Vox Populi

A Public Sphere for Poetry, Nature, and Politics

John Ashbery: Life is a Dream

A talent for self-realization
will get you only as far as the vacant lot
next to the lumber yard, where they have rollcall.
My name begins with an A,
so is one of the first to be read off.
I am wondering where to stand – could that group of three
or four others be the beginning of the line?

Before I have the chance to find out, a rodent-like
man pushes at my shoulders. “It’s that way,” he hisses. “Didn’t they teach you anything at school? That a photograph
of anything can be real, or maybe not? The corner of the stove,
a cloud of midges at dusk-time.”

I know I’ll have a chance to learn more
later on. Waiting is what’s called for, meanwhile.
It’s true that life can be anything, but certain things
definitely aren’t it. This gloved hand,
for instance, that glides
so securely into mine, as though it intends to stay.


 

This poem first appeared in the John Ashbery’s collection, Your Name Here and is reprinted in the Collected Poems.

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John Ashbery (July 28, 1927 – September 3, 2017) was an American poet. He published more than twenty volumes of poetry and won nearly every major American award for poetry, including a Pulitzer Prize in 1976 for his collection Self-Portrait in a Convex Mirror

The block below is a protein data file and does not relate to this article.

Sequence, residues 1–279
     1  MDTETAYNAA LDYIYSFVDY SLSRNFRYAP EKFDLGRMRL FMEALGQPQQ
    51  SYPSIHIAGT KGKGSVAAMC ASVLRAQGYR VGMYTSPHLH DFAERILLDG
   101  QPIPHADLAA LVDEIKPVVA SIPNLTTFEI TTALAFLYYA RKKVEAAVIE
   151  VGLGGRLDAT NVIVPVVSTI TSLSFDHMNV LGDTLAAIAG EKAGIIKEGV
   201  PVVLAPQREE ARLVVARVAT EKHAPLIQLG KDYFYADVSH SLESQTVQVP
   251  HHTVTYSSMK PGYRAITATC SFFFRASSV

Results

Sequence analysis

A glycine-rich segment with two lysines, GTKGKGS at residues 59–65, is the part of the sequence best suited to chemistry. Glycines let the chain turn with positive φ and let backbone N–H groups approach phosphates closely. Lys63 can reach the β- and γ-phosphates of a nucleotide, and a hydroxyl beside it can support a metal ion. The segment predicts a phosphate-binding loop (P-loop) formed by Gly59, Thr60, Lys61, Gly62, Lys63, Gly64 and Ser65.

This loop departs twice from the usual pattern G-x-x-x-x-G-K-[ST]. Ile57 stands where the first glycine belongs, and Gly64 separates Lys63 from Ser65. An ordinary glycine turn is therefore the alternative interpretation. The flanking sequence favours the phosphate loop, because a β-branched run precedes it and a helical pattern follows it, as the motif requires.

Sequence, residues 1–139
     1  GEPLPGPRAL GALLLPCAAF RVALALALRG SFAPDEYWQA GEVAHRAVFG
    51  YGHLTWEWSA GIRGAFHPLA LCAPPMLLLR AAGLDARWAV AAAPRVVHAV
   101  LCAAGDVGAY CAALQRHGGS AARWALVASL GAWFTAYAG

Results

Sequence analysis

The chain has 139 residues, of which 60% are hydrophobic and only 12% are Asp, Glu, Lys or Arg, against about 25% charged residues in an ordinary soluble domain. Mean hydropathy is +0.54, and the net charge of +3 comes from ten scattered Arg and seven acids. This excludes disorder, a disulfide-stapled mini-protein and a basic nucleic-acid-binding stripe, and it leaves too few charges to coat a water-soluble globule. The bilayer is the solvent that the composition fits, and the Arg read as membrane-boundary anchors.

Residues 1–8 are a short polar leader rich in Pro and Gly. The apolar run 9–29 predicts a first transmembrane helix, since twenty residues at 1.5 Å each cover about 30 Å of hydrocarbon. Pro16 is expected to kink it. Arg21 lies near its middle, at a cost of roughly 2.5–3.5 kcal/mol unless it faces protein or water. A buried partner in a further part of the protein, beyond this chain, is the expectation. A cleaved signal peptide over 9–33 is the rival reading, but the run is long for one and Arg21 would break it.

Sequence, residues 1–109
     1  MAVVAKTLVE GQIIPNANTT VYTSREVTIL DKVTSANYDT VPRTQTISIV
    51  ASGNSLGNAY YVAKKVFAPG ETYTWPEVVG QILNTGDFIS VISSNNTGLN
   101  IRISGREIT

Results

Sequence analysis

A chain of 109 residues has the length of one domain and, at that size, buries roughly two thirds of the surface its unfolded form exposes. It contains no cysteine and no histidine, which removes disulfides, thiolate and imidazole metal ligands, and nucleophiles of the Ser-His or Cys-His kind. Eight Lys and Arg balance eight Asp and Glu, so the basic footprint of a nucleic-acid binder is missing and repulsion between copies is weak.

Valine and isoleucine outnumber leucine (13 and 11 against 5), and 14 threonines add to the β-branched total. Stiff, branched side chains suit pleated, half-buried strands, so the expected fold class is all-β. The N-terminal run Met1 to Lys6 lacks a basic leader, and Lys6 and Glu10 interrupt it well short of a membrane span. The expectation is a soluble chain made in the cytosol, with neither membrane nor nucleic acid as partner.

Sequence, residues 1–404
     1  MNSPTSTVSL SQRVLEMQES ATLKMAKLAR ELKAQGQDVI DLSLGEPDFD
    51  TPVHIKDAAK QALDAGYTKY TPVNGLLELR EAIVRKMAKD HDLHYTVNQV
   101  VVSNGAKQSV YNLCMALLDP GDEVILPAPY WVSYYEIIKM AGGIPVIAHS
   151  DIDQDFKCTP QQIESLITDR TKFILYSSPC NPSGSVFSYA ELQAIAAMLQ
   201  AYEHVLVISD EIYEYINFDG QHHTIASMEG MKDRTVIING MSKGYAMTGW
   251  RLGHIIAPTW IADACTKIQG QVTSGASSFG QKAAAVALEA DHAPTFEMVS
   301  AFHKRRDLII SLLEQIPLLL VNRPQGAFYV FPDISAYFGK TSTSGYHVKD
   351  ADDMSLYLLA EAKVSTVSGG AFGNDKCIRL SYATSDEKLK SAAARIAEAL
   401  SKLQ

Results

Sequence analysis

Langdon Hammer, chairman of the English Department at Yale University, wrote in 2008, “No figure looms so large in American poetry over the past 50 years as John Ashbery” and “No American poet has had a larger, more diverse vocabulary, not Whitman, not Pound.” Stephen Burt, a poet and Harvard professor of English, has compared Ashbery to T. S. Eliot, calling Ashbery “the last figure whom half the English-language poets alive thought a great model, and the other half thought incomprehensible”.

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John Ashbery, 1927-2017

2 comments on “John Ashbery: Life is a Dream

  1. robert okaji
    September 4, 2017

    Reblogged this on O at the Edges and commented:
    From reading Ashbery I learned that linear narrative is just one possibility, that one might find meaning in the tangential, at the edges, in the unspoken.

    Liked by 2 people

  2. triciaknoll
    September 4, 2017

    Our loss. …only as far as the vacant lot…

    Liked by 1 person

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This entry was posted on September 4, 2017 by in Opinion Leaders, Poetry and tagged , , , .
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